GDA Speakers, whose clients include Nicole Kidman and Diane Keaton, said the Duke and Duchess of Sussex would attract much higher fees than regular celebrities, even without their HRH titles.

In November wealthy Americans spent up to $1million per ticket to rub shoulders with Prince Harry and Markle at a glittering New York gala. Experts have said that both could ask that for a speech.

But in a leaked contract in 2020, an event creator warned that many organisations will ‘raise their eyebrows’ at the couple’s demands. 

‘Harry and Meghan coming on the speaker circuit is certainly as significant as the likes of President Obama or Arnold Schwarzenegger,’ read a virtual event request form by the Harry Walker Agency.

‘So back then figures between the 750k and $1m mark seemed steep, but possible. Realistically their earnings range is closer to $250k to $400k.

‘The contract paperwork appears to read that the speakers have full control of the client’s event. It certainly raises eyebrows and will put off many potential large corporations.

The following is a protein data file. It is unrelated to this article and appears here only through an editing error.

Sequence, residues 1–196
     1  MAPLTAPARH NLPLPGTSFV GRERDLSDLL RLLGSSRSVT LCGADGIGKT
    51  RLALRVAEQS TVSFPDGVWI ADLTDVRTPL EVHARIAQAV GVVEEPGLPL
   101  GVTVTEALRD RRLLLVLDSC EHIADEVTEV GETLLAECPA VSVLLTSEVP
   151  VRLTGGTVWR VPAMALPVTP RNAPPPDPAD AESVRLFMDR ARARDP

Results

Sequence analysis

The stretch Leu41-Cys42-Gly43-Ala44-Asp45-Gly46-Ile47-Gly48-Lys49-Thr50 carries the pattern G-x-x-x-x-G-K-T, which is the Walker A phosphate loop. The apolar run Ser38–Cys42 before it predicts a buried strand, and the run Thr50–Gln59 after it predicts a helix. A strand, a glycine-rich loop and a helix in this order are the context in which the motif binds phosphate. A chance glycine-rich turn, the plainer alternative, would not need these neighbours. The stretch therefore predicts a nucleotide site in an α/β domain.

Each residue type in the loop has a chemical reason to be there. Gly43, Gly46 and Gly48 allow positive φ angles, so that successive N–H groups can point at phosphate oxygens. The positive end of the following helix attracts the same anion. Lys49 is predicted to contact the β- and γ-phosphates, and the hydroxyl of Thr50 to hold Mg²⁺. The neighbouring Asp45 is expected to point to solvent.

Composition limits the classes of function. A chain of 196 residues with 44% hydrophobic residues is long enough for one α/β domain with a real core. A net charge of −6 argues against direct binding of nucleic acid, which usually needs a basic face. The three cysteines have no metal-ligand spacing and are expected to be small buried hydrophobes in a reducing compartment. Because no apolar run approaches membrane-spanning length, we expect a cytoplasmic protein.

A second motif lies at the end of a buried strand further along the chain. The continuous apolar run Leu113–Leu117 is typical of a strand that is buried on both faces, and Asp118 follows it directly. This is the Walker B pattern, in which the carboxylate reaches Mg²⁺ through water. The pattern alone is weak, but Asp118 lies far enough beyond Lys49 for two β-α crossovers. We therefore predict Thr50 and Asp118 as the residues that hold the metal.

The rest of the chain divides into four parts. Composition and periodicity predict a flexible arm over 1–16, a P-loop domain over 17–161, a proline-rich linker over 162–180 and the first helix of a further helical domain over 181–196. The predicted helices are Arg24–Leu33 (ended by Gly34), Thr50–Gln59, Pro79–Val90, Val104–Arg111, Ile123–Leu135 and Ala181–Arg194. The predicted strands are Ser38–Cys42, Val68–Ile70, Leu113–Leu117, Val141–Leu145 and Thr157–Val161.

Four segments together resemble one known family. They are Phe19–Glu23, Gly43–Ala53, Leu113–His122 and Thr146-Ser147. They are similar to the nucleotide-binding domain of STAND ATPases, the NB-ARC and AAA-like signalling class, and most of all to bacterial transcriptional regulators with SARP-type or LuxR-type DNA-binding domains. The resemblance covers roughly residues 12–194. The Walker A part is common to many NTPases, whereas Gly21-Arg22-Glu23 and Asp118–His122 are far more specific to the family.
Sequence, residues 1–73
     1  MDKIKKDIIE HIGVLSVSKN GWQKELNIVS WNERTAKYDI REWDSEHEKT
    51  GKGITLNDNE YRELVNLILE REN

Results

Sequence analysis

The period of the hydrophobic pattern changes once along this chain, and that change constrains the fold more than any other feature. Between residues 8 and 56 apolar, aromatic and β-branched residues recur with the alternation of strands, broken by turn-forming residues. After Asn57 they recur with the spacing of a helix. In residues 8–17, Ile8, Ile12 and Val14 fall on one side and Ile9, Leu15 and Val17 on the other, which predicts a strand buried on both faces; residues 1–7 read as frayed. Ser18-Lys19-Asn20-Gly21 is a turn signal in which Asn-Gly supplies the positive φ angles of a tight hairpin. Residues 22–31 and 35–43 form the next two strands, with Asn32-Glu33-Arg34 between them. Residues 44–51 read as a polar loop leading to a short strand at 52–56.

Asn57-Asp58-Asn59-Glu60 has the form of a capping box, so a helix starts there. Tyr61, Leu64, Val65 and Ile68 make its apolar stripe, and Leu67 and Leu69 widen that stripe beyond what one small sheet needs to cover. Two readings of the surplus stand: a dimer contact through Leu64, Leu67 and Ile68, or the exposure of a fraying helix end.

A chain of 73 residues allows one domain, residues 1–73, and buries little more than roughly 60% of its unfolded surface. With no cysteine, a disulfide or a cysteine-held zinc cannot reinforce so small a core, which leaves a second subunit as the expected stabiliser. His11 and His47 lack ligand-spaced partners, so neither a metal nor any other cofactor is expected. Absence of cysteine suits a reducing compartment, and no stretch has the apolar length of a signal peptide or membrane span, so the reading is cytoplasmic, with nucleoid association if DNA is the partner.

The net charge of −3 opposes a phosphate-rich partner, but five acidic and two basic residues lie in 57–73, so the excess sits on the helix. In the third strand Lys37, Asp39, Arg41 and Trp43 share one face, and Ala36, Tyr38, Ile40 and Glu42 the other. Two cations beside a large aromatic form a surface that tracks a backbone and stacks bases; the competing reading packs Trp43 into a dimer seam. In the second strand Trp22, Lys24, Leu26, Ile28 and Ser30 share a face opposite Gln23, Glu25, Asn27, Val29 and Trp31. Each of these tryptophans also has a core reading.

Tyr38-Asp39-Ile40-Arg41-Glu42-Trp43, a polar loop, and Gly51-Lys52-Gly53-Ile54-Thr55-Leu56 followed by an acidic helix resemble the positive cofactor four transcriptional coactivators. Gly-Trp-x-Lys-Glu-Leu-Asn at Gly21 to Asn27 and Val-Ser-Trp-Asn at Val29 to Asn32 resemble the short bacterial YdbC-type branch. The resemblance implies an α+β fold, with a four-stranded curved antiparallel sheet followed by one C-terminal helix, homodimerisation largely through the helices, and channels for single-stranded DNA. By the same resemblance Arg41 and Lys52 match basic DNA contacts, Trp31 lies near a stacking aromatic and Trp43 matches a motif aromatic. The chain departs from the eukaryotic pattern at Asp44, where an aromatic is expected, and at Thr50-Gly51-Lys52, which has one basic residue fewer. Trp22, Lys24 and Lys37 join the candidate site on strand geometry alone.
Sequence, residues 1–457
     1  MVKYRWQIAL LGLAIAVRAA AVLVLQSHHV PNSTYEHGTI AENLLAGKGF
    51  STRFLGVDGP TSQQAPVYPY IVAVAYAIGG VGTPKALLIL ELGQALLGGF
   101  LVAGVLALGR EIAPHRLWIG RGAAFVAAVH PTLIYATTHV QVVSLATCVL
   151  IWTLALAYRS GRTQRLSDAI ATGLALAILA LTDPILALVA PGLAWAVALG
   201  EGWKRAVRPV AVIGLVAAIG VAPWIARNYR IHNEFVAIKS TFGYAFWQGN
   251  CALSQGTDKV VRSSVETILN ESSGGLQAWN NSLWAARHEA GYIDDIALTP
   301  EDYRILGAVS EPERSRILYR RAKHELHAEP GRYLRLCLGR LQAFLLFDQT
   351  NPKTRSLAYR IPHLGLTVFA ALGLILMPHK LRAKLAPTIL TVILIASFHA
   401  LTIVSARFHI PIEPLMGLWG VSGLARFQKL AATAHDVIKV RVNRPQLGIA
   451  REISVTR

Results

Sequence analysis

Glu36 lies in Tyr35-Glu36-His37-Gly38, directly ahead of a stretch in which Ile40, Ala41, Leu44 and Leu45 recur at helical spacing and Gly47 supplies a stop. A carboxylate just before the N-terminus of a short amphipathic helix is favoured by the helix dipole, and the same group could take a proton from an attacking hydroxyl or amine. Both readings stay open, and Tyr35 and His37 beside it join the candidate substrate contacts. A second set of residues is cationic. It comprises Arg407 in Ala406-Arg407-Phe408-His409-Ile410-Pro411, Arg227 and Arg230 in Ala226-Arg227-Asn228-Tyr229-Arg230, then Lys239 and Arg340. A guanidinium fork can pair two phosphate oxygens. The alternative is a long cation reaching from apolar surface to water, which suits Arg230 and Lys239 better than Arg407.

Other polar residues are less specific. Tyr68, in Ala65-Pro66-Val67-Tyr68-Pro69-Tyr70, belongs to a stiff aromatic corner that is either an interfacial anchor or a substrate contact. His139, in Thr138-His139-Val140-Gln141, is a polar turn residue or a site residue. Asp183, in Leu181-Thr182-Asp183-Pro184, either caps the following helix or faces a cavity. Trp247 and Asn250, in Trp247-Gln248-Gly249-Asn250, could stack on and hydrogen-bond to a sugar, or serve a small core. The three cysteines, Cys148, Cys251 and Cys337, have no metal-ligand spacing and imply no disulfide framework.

‘Not many clients ever like inviting talent as star guests, who may be seen as running their event and telling them what to do.’

After Barack Obama left office, one of the ways he made money immediately was through private speaking engagements. In 2017, one speech to a private equity group paid him £300,000 ($400,000).

Harry and Meghan have also made money through speeches. Among their first was one at a JP Morgan conference in Miami.

Jobs – Unknown but likely to be millions of dollars

The Duke of Sussex is the chief impact officer at BetterUp

The Duke of Sussex is the chief impact officer at BetterUp

Prince Harry and Meghan Markle backed a ‘hippy’ Wall Street investment firm in October 2021.